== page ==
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Connacht are coming good at the right time



Date Published: {J}

THE irony of it all can’t be lost on Michael Bradley. Seven seasons he has been at the Sportsground and now when the former Irish international scrum half is about to leave Connacht, the team is playing the best rugby of his protracted tenure. The Cork native would be entitled to a wry smile in the circumstances, but he must also take immense satisfaction from the squad’s progression over the past couple of months in particular.

Bradley has been a loyal and dedicated servant to Connacht rugby and though his tactics and team selections occasionally came under scrutiny, he had immersed himself in developing a potent rugby force out West and given the province’s recent rollicking displays, he could be set to depart on an incredible high. Suddenly, previously elusive qualification for the Heineken Cup is no longer a pipedream.

Sure, they are still propping up the Magners League table, but the gap between Connacht and the other teams is now nearly as yawning as in previous seasons. They are now only four points behind struggling Ulster with four rounds of the competition remaining and have far more momentum than their counterparts up North. John Muldoon and company still have work to do, but the chance is there.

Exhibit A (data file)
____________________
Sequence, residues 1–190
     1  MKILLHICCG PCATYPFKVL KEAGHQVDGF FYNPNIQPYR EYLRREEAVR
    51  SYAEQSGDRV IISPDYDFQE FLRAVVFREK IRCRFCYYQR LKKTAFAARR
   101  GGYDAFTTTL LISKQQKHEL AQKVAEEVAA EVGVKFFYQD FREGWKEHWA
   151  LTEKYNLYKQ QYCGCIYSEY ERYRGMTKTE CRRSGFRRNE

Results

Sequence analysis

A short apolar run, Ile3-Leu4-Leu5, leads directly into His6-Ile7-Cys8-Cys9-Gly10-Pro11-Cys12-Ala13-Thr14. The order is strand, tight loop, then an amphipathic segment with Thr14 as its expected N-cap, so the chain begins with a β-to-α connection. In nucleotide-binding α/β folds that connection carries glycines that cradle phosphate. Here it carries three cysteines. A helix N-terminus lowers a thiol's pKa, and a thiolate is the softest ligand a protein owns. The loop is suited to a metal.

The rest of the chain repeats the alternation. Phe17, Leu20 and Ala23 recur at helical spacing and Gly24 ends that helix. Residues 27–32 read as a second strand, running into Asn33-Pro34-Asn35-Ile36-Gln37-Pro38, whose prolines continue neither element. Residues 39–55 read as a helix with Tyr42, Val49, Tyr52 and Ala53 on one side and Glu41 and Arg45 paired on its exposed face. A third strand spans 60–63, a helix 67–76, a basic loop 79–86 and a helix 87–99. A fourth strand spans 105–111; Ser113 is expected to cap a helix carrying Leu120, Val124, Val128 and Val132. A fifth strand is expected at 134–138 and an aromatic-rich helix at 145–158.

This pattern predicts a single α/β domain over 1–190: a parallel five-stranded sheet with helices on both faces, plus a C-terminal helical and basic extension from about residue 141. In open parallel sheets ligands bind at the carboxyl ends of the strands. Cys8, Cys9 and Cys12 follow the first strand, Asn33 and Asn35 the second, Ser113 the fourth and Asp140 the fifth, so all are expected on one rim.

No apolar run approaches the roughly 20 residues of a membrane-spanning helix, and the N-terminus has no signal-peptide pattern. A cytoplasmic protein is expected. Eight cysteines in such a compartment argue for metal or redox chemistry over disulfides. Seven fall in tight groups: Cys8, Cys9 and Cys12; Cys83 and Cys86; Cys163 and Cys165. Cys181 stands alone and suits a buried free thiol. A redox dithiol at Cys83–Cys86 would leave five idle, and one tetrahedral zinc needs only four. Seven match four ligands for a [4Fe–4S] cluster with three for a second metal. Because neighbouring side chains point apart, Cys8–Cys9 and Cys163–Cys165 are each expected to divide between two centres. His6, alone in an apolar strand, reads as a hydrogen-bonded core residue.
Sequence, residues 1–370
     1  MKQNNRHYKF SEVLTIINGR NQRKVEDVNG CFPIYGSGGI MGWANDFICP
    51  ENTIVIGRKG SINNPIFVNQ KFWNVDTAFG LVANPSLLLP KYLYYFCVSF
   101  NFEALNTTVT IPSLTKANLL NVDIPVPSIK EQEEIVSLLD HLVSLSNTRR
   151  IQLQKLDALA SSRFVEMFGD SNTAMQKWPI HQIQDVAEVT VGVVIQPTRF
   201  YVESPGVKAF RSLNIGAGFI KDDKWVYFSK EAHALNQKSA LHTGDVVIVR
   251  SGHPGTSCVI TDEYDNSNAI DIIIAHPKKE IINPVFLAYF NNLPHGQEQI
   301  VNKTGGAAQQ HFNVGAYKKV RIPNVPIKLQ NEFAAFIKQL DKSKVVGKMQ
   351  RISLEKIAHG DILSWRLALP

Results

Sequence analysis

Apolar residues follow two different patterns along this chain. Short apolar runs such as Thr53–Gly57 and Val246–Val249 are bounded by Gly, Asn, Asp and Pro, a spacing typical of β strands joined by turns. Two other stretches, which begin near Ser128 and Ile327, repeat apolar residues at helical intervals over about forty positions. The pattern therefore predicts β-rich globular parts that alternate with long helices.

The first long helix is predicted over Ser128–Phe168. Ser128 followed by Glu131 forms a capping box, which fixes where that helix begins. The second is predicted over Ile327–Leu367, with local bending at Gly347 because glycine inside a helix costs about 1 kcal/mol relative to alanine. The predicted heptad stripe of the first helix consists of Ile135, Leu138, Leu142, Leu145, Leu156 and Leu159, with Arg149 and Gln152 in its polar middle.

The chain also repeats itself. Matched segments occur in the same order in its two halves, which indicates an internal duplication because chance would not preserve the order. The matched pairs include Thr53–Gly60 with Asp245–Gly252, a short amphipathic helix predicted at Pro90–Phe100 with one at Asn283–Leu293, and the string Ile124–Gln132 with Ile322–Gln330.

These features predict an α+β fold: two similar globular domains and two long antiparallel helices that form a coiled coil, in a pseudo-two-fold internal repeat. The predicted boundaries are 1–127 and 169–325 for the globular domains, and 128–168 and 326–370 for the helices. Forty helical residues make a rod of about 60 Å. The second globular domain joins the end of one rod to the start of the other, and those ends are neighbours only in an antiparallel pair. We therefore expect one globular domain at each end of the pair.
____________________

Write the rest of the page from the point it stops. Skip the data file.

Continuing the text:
Connacht, of course, can also secure qualification for the Heineken Cup through the European route. This Saturday at the Sportsground, they take on Bourgoin in the Amlin Challenge Cup quarter-final and should Bradley and his already appointed successor, Eriu Elwood, manage to guide them to victory, they will also have the considerable advantage of a home semi-final draw. Naturally, it’s a big ask for Connacht to go all the way, but their current body language and performances suggests that they are afraid of nothing these days.

Having beaten Leinster everywhere bar on the scoreboard at the RDS the previous weekend, it was heartening to see Connacht edge another tight encounter against title-chasing Edinburgh at the Sportsground on Friday night. Initially, it appeared that the men in green had the capacity to rout the Scots when they stormed into a thoroughly deserved 11-0 lead after just 13 minutes. Ian Keatley landed a penalty and also converted a well executed try from Brian Tuohy.